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Technically, the punctuation for English would be a bit different: "I eat vegetables; hence, I am strong.", or "I eat vegetables; therefore, I am strong."
Not when grading responses; in proposed translations it uses punctuation, of course. I suppose that's what Jerry meant.
It was (wow! was it really two years ago that I started this course?!)
While the meaning is roughly the same ("eating vegetables makes me strong") the two sentences convey different things:
"I eat vegetables so I am strong" (="Jem warzywa, więc jestem silna") expresses an implication.
"I eat vegetables - that's why I am strong" (="Jem warzywa - to dlatego jestem silna") focuses on the cause, the part "I eat vegetables" is emphasized.
IMO the first one is more universal; the second would be used e.g. as an answer to the question "Why are you strong?" (="Dlaczego jesteś silna?").
PS: remember that if you are male (and are speaking about yourself) you have to use "silny" instead of "silna".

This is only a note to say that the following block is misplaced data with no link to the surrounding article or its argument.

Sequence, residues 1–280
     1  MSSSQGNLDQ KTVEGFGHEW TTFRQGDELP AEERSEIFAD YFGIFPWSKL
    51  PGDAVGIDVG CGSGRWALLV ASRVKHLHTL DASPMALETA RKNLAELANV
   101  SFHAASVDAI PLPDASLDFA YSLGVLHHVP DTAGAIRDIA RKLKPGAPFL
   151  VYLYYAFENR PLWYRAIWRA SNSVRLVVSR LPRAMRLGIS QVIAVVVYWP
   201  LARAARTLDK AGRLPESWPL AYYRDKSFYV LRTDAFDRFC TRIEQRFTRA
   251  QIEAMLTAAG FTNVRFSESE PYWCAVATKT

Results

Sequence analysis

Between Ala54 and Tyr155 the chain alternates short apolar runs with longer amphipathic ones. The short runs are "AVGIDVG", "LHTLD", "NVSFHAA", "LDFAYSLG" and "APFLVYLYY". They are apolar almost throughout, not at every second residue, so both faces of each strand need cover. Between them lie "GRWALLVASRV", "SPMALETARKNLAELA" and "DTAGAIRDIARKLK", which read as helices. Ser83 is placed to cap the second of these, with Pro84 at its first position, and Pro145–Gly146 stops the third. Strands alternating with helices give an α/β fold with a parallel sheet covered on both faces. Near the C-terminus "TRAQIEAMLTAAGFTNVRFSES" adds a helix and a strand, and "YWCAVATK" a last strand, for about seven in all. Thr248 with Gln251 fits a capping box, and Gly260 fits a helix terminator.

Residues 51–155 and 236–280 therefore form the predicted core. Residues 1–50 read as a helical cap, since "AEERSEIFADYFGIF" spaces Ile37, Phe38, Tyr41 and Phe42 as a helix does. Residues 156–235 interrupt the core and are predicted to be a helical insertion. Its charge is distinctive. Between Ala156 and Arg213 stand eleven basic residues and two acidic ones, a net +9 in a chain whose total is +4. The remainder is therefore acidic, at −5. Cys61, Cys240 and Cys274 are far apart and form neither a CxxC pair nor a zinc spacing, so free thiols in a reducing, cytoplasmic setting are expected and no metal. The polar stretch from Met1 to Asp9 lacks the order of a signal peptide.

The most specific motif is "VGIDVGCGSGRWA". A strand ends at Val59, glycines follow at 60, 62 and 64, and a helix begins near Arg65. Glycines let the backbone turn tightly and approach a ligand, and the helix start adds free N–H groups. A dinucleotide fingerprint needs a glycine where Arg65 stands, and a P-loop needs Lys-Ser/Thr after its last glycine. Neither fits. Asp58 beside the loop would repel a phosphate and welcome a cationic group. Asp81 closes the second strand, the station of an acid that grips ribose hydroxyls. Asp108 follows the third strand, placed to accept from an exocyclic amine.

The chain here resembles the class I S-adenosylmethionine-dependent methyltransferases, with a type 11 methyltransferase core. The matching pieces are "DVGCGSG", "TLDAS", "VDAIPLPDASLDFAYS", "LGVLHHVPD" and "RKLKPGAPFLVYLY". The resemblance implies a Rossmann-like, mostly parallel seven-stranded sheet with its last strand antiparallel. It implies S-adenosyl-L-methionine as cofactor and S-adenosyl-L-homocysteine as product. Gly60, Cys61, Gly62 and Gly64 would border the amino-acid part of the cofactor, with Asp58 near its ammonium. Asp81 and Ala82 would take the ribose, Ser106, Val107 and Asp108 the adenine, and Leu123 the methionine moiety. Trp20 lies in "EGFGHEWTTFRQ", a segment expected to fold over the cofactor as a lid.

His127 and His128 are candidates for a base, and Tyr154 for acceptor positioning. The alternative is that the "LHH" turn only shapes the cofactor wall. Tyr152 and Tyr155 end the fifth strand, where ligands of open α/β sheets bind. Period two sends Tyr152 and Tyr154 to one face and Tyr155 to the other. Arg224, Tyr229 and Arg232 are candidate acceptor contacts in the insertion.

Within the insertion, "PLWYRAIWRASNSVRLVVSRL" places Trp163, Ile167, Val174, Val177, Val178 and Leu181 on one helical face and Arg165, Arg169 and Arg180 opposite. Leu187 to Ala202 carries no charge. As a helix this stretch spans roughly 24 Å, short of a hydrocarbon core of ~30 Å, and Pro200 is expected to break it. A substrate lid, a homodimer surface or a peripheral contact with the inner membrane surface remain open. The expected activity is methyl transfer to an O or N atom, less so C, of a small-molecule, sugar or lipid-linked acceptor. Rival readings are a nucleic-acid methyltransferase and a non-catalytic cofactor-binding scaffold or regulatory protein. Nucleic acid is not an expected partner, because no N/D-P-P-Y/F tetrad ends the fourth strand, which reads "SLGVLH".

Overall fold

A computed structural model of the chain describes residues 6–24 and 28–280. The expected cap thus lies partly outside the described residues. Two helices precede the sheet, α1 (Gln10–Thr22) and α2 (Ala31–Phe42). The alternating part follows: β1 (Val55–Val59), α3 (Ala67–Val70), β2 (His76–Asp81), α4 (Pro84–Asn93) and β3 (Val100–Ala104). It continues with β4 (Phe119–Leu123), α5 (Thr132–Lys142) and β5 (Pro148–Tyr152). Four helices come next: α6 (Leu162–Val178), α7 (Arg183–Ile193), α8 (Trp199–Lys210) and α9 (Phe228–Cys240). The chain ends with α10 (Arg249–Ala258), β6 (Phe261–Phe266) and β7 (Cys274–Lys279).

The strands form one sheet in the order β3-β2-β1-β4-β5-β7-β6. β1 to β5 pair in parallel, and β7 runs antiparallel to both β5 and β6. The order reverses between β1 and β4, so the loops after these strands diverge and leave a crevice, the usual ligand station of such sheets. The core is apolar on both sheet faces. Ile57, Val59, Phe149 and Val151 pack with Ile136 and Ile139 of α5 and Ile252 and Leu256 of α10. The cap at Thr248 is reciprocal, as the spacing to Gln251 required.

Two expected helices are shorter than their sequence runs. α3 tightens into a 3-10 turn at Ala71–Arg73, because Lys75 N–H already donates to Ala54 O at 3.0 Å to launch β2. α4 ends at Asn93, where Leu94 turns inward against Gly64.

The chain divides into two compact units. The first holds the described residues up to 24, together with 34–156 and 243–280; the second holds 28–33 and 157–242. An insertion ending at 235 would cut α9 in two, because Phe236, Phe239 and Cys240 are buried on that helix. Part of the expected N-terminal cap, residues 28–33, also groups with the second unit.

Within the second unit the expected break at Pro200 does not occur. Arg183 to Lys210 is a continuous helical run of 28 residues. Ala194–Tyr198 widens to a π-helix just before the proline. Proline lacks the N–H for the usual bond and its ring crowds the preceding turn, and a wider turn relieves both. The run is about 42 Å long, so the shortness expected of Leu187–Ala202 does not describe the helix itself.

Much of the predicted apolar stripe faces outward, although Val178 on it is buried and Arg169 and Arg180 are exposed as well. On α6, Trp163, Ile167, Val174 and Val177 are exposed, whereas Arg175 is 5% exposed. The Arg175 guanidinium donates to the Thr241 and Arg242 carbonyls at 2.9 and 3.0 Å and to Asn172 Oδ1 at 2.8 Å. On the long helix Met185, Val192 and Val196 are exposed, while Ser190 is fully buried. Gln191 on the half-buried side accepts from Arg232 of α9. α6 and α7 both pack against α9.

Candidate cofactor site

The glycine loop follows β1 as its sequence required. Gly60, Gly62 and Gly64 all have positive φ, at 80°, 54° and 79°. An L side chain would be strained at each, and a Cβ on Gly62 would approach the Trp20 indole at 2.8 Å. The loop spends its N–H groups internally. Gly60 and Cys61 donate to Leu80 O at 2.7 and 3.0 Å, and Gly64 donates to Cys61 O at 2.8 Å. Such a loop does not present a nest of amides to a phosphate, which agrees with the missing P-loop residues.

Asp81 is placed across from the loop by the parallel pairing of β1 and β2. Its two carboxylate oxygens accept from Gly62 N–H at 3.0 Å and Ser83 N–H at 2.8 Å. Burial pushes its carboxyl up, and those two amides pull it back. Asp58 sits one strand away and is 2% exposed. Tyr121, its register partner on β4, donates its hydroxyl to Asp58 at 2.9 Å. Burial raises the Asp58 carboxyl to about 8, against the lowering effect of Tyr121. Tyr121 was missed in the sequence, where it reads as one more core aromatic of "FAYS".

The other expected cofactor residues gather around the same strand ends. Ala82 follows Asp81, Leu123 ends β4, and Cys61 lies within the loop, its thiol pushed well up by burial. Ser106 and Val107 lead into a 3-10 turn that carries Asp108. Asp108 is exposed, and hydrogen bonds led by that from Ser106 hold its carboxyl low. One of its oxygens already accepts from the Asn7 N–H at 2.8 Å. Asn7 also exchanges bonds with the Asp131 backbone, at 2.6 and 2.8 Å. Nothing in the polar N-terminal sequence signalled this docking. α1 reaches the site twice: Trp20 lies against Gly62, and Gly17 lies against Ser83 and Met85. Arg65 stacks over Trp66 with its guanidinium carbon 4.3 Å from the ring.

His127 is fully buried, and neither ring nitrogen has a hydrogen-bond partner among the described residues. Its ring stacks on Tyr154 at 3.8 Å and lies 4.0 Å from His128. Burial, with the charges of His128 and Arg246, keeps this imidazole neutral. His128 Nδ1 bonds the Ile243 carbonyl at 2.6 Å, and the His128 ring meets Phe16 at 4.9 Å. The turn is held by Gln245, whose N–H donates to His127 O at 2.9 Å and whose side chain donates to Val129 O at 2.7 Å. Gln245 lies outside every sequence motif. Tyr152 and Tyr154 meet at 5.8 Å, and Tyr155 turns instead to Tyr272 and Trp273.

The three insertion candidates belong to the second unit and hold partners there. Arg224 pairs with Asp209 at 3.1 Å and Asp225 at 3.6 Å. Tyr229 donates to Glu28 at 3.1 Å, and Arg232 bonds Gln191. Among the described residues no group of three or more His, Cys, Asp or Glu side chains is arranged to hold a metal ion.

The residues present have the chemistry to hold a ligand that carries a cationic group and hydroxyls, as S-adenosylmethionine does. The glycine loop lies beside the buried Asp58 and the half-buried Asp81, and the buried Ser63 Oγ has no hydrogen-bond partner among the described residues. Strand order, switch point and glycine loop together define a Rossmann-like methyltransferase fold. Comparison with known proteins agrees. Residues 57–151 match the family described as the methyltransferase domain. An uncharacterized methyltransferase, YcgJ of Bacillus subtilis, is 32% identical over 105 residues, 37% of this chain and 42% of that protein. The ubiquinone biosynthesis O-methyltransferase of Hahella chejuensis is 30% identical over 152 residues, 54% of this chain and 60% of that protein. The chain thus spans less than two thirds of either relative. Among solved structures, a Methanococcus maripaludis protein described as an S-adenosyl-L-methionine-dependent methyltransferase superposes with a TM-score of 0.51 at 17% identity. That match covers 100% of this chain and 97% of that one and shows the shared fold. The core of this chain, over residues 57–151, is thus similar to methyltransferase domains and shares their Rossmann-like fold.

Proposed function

I am not sure it is a calque as the Latin “motor” comes from movere = “to move,” so motor = “mover”.
Kalka niem. Motor, ang. engine / motor, fr. moteur 'silnik' (por. łac. mōtor 'ten (to), co wprawia w ruch, porusza' : mōtāre 'poruszać, potrząsać').
Even in German it is a not really a calque, rather a loan word or a borrowing (calque implies translating). In Polish it is neither, in my opinion. If the word were poruczik or similar you could call it a calque.
so what's the difference between dlatego and wiec in this specific scenario?
"dlatego"/"więc"... not much of a difference. "dlatego" is more like "that is why" and "więc" is simple "so".
OK, added "and so".